They're creepy and they're kooky, mysterious and spooky, they're all together… normal? The Addams Family. Duh-duh-duh-duh *click click*. Andrew Lippa’s musical adaptation is a formulaic but fun-filled frolic focusing on Wednesday, the first daughter of America’s freakiest family, finding love with cookie-cutter conventionalist Lucas, whose ordinariness is disorientating for the rest of the kooky clan when his equally-ordinary family come to dinner.
The plot, from Marshall Brickman and Rick Elice, is ‘Pulled’ in perhaps one too many directions: the difference between the families, as wide as the Addams’ Central Park plot, provides some predictable but funny fodder. As well as Wednesday and Lucas’s love woes, there’s Morticia's and Gomez’s marital discord once she finds out he’s keeping secrets about their daughter from her, Lucas's seemingly conservative parents needing to rediscover love in their mid-life marriage, Uncle Fester’s loony longing for the moon, and this is all haunted by a host of historically-attired ancestors. The effect is that the plot feels padded rather than planned, and, although believable, because Wednesday and Lucas are already a couple, it feels like a missed opportunity to explore their differences more effectively through their undoubtedly unconventional courtship, rather than a dinner party that’s appropriated by their parents.
The family are terrifically creepy and their kinship is a force to be reckoned with: Cameron Blakely is completely batty – in all the best ways – as patriarch Gomez, carrying the action with a ridiculous accent and uncanny comic timing that’s not quite matched by Samantha Womack’s slow-moving Morticia. Carrie Hope Fletcher is a feisty and hopelessly infatuated Wednesday, her performance of ‘Pulled’ punchy and impressive, and her Lucas, Oliver Ormson, is a charming but cautious leading man. Elsewhere, Scott Paige, stepping in for Les Dennis, is superbly absurd as the bald, fourth-wall breaking Uncle Fester. Dickon Gough’s looming, lumbering Lurch delivers most of the visual gags, and Charlotte Page’s smiling, rhyming, yellow-admiring Alice is a marvellous motherly foil in the vein of an Avon lady to the vampy Morticia.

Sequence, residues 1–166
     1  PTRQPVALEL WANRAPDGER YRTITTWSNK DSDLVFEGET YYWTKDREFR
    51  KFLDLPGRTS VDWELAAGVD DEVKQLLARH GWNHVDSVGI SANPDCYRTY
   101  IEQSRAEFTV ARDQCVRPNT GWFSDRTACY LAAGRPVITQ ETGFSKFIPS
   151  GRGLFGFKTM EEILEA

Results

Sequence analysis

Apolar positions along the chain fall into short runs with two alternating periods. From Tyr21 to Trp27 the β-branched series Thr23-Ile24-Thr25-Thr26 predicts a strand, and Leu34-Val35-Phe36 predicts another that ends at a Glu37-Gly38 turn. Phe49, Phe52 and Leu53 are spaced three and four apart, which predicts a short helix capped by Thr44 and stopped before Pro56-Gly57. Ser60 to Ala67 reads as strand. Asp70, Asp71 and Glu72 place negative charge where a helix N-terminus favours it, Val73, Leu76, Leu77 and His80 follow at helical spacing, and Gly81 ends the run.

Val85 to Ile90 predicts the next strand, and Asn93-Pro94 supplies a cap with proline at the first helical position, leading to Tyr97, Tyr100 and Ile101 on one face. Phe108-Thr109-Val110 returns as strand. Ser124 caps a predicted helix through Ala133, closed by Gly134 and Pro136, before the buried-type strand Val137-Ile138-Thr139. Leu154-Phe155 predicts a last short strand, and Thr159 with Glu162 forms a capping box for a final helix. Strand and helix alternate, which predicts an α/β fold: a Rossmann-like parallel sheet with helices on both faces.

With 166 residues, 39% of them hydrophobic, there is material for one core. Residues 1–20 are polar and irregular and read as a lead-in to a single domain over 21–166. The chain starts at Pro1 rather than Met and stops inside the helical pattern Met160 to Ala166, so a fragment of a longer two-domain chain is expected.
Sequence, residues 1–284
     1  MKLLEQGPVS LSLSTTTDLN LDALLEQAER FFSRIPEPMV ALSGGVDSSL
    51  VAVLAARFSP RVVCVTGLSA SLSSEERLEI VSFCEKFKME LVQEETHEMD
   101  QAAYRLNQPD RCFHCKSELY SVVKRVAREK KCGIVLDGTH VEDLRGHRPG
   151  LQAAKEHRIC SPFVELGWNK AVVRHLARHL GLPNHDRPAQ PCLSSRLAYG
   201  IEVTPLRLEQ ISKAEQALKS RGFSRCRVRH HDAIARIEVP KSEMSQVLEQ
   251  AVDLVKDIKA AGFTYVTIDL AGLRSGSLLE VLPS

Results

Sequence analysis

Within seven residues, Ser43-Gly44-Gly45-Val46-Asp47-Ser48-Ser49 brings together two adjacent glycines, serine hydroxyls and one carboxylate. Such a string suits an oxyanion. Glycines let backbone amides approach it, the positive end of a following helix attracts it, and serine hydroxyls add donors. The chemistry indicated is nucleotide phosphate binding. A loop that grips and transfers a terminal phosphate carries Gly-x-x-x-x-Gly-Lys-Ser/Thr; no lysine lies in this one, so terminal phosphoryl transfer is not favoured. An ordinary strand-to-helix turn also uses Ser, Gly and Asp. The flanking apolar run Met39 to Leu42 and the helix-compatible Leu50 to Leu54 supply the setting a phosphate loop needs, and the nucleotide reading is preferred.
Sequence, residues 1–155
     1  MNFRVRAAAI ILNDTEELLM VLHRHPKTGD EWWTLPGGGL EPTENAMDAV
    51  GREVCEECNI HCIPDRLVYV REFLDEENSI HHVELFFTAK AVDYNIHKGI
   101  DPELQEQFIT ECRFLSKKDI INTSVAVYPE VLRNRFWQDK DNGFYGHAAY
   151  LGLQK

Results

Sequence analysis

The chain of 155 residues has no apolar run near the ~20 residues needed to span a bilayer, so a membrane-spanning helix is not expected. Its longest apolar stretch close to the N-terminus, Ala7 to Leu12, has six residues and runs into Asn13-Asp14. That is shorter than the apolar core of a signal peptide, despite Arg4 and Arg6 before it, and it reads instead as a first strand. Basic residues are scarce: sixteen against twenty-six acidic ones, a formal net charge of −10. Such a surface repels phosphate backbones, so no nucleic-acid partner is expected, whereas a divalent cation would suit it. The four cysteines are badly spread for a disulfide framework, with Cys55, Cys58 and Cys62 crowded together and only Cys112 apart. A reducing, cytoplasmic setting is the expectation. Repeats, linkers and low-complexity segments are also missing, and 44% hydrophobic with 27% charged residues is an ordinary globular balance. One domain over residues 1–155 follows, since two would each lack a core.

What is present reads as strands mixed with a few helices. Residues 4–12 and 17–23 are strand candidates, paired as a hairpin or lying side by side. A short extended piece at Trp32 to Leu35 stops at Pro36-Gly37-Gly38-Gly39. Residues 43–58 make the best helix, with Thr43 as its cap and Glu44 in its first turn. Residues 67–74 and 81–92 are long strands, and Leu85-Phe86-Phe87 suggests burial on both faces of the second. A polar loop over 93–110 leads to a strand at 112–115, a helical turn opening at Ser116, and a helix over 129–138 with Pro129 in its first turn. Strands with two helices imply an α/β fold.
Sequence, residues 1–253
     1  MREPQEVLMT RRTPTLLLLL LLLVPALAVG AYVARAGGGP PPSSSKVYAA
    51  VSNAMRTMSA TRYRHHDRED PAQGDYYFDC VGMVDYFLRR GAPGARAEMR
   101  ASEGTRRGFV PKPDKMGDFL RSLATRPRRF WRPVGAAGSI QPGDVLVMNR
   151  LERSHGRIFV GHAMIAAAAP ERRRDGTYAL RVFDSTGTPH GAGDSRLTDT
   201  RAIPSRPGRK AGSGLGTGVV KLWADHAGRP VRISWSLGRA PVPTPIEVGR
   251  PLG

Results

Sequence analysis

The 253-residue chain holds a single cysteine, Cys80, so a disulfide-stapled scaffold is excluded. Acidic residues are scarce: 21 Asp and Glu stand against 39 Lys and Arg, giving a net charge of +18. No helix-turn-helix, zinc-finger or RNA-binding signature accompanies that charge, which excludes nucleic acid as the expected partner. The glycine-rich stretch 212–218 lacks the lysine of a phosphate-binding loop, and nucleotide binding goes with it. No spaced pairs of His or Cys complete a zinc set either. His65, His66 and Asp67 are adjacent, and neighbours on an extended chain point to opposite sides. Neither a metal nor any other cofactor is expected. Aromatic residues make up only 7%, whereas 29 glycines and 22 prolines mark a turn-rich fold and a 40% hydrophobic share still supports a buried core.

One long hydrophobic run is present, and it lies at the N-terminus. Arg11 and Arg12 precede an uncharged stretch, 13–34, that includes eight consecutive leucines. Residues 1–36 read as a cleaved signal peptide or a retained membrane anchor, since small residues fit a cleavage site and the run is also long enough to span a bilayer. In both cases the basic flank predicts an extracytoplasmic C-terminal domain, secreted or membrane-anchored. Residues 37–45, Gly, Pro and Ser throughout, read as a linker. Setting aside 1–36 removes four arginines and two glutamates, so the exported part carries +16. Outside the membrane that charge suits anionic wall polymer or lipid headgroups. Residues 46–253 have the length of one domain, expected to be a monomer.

Although fun and freakish, Alistair David’s entertaining and tango-tastic choreography, especially in the opening song ‘When You’re An Addams’, Diego Pitarch’s gothic and gloomy designs, and Lippa’s quick, clever, and kooky lyrics can’t disguise that this show is more spunky than spooky, and a little too saccharine in the final act for the Addams’ Family we’re all familiar with. - Leah Tozer